Choosing Lovebird

Lovebirds are so small, compared to larger parrots, that they need only a relatively small cage. They take up little space, making them ideal both for apartments and homes. These little birds are hardy and suffer from few illnesses if kept clean and fed a balanced diet. Some of the larger birds delight in tearing up phone lines, cabinets, baseboards, books and doors, in short, anything they can get their beaks on. Larger birds have strong beaks, so anything they can grab, they can usually destroy. The lovebird's smaller size makes this and unlikely scenario.


Compared to the call of a macaw or a cockatoo, which can be both deafening, but can also upset neighbors far and near, lovebirds are relatively quiet. A lovebird will call to her owner when he or she is out of sight, but the sound will rarely carry through walls unless the windows or doors are open, and then it barely competes with the noise of wild birds.

Lovebirds in the wild

Cute Companions

These tiny birds come in so many beautiful colors. Lovebirds are flock birds and they need companionship, but not necessarily another bird. If you buy a single bird, he will rely on you for attention. You will become the flock for this sociable little creature. Lovebirds don't hide their feelings. This expressiveness makes them a joy to be with and to watch.

When choosing the right lovebird, one important consideration should be age. Young birds are easier to tame than older birds. Ideally, the best bird is one that was hand-fed: A person fed the baby instead of her parents. This method causes the bird to become used to humans and to learn to trust them. A hand-fed bird will bond to you as she did to her feeder. That doesn't mean you will have to work with your bird to achieve a great relationship. It means that you and your bird will have a much easier time establishing connection.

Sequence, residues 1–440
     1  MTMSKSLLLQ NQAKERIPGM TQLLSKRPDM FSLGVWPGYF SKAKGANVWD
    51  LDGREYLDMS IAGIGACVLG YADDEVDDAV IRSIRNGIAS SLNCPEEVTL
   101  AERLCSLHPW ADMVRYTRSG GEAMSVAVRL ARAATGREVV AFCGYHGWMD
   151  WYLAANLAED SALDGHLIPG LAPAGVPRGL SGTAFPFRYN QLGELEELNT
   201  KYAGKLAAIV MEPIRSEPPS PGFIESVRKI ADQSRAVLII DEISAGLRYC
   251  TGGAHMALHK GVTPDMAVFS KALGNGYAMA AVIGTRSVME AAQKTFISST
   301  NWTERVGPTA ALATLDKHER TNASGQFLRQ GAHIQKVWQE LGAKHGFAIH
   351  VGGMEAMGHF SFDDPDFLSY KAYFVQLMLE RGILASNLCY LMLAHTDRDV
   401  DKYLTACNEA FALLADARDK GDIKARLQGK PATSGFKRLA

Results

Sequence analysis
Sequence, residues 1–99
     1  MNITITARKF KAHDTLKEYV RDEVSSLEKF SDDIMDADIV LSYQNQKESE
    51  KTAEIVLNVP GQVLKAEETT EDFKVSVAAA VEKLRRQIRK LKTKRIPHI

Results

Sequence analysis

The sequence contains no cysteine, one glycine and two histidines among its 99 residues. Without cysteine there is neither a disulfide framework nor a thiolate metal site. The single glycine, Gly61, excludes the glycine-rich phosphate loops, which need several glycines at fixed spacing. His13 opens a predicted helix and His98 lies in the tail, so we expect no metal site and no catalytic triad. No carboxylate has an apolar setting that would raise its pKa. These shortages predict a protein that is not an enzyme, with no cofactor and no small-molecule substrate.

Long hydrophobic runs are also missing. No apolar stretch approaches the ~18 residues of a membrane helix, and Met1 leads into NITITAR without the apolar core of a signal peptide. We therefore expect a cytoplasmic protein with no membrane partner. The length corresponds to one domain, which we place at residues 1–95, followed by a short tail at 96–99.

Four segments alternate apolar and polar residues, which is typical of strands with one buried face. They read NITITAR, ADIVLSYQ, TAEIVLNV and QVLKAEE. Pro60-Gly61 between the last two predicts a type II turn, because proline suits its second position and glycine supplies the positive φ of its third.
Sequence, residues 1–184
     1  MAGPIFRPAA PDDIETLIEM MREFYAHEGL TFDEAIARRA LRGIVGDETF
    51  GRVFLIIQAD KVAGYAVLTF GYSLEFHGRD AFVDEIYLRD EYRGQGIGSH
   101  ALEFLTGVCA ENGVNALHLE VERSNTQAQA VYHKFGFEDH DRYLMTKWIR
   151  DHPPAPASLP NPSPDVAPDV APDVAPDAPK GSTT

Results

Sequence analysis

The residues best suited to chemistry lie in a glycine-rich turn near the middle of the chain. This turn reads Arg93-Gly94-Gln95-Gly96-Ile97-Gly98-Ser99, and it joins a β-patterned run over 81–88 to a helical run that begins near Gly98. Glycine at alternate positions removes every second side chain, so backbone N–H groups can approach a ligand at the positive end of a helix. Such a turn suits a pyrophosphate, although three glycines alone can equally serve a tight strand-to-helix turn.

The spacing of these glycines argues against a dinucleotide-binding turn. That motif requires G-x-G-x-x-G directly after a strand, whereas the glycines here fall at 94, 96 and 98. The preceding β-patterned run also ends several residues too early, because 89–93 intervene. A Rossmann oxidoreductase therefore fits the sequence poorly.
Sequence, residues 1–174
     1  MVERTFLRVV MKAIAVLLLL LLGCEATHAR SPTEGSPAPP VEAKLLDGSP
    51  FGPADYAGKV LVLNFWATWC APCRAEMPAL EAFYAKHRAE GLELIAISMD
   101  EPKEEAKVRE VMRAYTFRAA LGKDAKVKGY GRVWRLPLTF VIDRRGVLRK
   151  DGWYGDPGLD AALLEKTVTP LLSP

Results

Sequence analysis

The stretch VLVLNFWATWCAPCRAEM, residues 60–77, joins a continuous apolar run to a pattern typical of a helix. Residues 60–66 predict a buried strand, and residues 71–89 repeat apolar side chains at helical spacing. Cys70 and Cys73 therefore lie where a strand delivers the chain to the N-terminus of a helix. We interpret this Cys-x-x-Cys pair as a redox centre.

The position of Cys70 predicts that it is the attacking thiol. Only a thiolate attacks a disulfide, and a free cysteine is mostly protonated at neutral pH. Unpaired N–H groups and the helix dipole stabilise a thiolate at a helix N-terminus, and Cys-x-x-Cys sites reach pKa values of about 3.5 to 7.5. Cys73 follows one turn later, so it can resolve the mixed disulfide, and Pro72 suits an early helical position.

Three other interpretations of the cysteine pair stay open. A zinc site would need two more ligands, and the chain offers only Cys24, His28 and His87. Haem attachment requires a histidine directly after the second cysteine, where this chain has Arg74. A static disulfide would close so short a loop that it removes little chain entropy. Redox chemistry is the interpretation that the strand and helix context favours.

You will want a bird that is between 6 and 8 weeks old;weaned from hand-feeding formula. If he is not already weaned and eating regular food, that will become your job. Although some people want to do this and some also want to take over the hand-feeding of their new baby lovebird, it is not recommended. Even for experienced bird keepers hand-feeding and weaning are time-consuming, anxiety-inducing passtimes.

In addition to being more trustful, hand-fed birds are less noisy than parent-raised birds. Perhaps best of all, many of them like to cuddle. As small as he is, a lovebird may look like a creature you can easily bend to your will.

Unfortunately, not all hand-feeders are commited to the well-being of the bird and will not handle her regularly. This results in a bird that is as untrusting of humans as a wild-caught bird.

How can you tell the difference? When you have chosen a bird, ask to hold her on your hand or finger. If she shies away from you in fright, she was probably not hand-fed properly and it will take extensive training to accustom her to humans. If she seems confident enough to step onto your finger or shoulder, she was hand-fed as she ought to have been. You can tame a hand-shy bird, but be prepared for a larger commitment of time and patience.



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